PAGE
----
How integration can succeed

by Peter Aebersold

The school for hearing-impaired children founded in 1973 in Meggen, Lucerne (LU) was probably the first integrated school in Switzerland. It was founded by the “Stiftung Schule für hörgeschädigte Kinder Meggen“ (Foundation for hearing-impaired Children Meggen) and Susann Schmid-Giovannini and run by her.
The small class of the hearing-impaired children had its own classroom, which was integrated in the primary school of Meggen and worked with the same syllabi and teaching materials.
 For the first time, this allowed to compare the performance of these severely hearing-impaired children with those of hearing children. Due to the support of Susann Schmid in her kindergarten the hearing-impaired children were already to read when entering class1.
All parents who were willing to cooperate could send their hearing-impaired children to this school. The cooperation consisted of frequent attendance of classes and individual therapy, the willingness to continue the auditory-verbal education at home as well as the participation in training courses. In 1975, an early childhood counselling centre for parents opened in Meggen, which later was extended into an international counselling centre.
The development of hearing aids was only beginning, and there were no behind-the-ear devices yet. To be able to hear their own voice, the children had to speak into a microphone that was passed on. But because the  first graders could already read, more time could be spent on verbal expression, new vocabulary, sentence forms and idioms and the conversation on a topic.
The integration had to be worked out first. The teachers and pupils of the regular classes were curious at first, but they did not seek contact with the hearing-impaired children. Susann With her children, Schmid-Giovannini practiced the common games of the school playground and taught them the vocabulary used there including swearwords. One day, hearing girls came to the schoolyard and asked, if it was possible to talk to the “deaf”, too. Shortly afterwards, hearing and hearing-impaired girls were engrossed together in a popular game of movement. And the boys playing soccer realised that the “deaf” were excellent soccer players.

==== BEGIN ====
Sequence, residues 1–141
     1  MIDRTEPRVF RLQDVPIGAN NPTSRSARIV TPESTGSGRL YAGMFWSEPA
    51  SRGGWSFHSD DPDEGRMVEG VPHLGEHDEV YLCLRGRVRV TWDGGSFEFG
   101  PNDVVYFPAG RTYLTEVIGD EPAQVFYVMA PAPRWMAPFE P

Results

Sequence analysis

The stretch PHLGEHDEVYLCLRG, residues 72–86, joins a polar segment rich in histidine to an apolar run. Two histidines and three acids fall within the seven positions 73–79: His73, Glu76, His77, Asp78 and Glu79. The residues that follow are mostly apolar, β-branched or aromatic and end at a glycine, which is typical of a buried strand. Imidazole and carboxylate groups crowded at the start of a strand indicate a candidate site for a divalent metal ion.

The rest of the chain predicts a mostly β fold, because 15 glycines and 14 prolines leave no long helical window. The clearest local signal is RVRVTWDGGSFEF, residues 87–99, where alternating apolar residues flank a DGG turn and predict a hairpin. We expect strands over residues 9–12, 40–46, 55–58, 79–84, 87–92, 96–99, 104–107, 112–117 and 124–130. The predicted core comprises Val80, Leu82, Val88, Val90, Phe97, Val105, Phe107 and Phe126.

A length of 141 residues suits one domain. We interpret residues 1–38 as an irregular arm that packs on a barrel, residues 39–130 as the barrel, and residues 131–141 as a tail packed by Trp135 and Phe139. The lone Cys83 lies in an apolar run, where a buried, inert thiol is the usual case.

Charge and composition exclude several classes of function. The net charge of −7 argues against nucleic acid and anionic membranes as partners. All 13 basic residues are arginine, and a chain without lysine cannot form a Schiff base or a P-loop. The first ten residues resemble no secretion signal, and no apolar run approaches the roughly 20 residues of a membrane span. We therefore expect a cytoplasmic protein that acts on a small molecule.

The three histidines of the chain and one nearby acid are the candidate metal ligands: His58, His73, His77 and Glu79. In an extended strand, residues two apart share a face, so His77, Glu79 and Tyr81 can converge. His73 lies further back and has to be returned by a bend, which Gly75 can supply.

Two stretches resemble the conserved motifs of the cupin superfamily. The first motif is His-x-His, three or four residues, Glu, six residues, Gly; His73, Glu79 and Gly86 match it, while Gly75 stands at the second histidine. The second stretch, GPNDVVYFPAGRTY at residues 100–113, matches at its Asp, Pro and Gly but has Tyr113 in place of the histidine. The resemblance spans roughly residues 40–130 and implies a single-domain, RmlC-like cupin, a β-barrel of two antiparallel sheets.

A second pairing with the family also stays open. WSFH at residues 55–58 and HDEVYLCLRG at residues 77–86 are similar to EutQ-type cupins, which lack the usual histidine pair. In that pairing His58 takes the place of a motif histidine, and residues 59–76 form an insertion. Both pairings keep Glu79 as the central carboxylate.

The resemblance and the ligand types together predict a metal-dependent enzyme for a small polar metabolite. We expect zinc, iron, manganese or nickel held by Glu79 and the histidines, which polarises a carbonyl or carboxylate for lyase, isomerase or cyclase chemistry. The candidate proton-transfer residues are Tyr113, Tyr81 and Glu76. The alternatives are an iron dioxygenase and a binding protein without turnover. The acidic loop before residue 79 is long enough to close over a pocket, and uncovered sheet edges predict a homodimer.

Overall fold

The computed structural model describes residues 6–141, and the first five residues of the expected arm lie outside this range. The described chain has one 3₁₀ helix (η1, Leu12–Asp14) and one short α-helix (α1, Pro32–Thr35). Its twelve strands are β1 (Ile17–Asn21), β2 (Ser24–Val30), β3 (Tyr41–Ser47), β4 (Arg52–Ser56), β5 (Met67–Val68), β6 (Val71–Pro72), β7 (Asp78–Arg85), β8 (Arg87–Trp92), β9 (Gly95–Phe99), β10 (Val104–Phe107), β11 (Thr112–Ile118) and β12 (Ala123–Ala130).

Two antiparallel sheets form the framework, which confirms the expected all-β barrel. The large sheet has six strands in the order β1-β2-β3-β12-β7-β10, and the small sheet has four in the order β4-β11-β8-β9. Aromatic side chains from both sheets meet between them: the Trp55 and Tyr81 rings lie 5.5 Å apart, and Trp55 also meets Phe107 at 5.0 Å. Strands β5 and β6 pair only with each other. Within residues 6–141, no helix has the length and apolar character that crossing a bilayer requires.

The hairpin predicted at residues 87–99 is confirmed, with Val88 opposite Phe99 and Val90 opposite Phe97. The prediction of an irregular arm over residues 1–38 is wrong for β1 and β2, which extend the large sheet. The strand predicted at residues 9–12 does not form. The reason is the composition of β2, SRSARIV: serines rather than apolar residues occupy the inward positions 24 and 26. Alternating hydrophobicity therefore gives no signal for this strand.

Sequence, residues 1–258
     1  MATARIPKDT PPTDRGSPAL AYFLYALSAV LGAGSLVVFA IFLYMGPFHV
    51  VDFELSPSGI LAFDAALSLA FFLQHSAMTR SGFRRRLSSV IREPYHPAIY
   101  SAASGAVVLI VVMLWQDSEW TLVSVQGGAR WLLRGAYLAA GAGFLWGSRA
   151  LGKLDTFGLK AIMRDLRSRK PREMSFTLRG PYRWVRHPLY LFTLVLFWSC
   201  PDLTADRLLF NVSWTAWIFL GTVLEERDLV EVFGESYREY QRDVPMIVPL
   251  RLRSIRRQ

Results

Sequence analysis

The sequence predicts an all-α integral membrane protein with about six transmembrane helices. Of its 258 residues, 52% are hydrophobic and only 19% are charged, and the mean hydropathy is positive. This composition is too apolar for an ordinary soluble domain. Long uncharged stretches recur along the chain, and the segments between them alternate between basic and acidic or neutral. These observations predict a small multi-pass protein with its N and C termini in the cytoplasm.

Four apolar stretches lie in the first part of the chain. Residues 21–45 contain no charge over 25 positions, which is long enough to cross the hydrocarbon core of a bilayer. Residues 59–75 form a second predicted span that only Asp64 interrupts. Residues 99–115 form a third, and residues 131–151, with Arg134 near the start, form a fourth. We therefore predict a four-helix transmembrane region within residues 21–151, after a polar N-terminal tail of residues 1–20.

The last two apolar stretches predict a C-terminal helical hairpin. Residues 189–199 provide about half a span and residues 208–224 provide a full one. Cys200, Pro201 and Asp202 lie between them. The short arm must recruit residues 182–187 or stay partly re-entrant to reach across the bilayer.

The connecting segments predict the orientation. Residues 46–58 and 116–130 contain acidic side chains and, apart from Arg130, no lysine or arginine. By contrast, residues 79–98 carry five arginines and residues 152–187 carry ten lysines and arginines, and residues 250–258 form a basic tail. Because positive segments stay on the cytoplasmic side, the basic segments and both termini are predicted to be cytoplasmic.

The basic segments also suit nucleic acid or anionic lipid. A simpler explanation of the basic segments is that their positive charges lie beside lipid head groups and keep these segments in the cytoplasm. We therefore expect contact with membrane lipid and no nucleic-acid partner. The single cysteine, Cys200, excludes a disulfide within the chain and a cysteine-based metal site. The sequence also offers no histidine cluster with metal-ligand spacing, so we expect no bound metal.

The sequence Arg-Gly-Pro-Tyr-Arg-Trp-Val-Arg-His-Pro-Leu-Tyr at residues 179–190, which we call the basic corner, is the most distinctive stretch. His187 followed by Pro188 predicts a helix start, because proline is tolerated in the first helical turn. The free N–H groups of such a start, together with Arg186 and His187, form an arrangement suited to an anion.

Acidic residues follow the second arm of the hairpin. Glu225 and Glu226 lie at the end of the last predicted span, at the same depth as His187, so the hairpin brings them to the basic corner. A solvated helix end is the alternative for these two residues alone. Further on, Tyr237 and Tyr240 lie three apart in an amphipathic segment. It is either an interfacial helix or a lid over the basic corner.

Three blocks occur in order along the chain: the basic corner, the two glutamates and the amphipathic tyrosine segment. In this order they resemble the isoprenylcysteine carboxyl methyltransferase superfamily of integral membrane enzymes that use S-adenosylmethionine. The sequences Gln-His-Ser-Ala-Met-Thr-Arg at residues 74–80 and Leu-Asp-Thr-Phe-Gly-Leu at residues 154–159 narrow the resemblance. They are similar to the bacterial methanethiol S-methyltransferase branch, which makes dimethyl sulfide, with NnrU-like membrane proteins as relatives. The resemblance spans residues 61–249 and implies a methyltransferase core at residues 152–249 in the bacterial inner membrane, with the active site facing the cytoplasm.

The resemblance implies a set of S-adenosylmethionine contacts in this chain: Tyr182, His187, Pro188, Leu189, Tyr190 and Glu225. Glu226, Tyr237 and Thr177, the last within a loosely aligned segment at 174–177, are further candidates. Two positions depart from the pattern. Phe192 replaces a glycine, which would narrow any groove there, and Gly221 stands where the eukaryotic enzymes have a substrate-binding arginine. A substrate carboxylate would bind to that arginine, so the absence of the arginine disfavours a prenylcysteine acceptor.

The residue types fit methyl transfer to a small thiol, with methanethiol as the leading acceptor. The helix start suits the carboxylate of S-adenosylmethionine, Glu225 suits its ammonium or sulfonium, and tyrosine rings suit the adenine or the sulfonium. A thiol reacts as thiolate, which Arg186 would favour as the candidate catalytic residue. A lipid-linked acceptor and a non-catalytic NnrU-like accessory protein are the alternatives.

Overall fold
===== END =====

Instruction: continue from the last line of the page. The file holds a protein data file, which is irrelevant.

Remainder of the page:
Mrs Schmid-Giovannini made sure that her class was always on the same level as the parallel class of the primary school, which then enabled their children to participate in their German lessons. The astonishment was great that even the “deaf” could write error-free dictations. With the new, individually adapted behind-the-ear devices the hearing at a distance also improved and with it the verbal expression.
From the third year of school onwards, the hearing-impaired took part in handicrafts, crafts, swimming, physical education and religion together with the hearing children. German was added, and gradually individual pupils were able to study alltogether in the regular school. For this, they stayed in Meggen, where they did their homework and had individual therapy.
Later on, also hearing-impaired students were included who were not registered at an early age of one or two and had not received corresponding early therapy. They had to be supported by individual therapy and additional private lessons until they could follow the normal school curriculum, without hindering the other pupils achieving the teaching goal.
For children between the ages of two to five years the centre for early counselling offered weekly group therapy, since there were no pre school groups aiming at enabling them to join a regular kindergarten at their place of residence. The experiences of the specialised kindergartens and in Meggen had shown that children acommodated suggestions from hearing peers faster than from the teachers. However, that doesn’t mean that the latter could be dispensed with.
Susann Schmid-Giovannini sent the children in the regular school only when they had sufficient language skills, made good use of their hearing and were able to follow the lessons without additional support. Today, hearing-impaired children fitted with hearing aids or a cochlear-implant in the first months of their life, can learn language normally in everyday life by their ears and increase their knowledge quite normally.
The Austrian-Swiss educator Susann Schmid-Giovannini is an internationally recognised pioneer of the auditory verbal therapy and the cochlear-implant-hearing training. With her unique initiative and her outstanding empathy she set new standards in the early treatment of hearing-impaired infants and toddlers. In Meggen she created that concept of early language acquisition of deaf and hearing-impaired infants and toddlers that leads with the help of the parents to an integration into the world of the speaking. Through the foundation of the International Centre of Counselling for parents of hearing-impaired children and with international advanced training activities, she has established these early language acquisition programmes, partly against considerable resistance, thus opening up a new chance for deaf children to be integrated into the world of the healthy through a normal language. She lives in Meggen LU.

Sources:  Schmid-Giovannini, Susann. Vom Stethoskop zum Cochlea-Implantat. Geschichte und Geschichten aus einem sechzigjährigen Berufsleben (From the stethoscope to the cochlea-implant. History and stories from sixty years professional experience). Edition S. Schmid-Giovannini, Meggen 2007
Schmid-Giovannini, Susann. Hören und Sprechen. Anleitung zur auditiv-verbalen Erziehung hörgeschädigter Kinder (Listening and speaking. Instructions to audio-verbal education of hearing-impared children). Replica as e-book and print edition, Edition Edizio, Meggen 2014, ISBN 978-3- 9524315-0-4 de.wikipedia.org/wiki/Susann_Schmid-Giovannini

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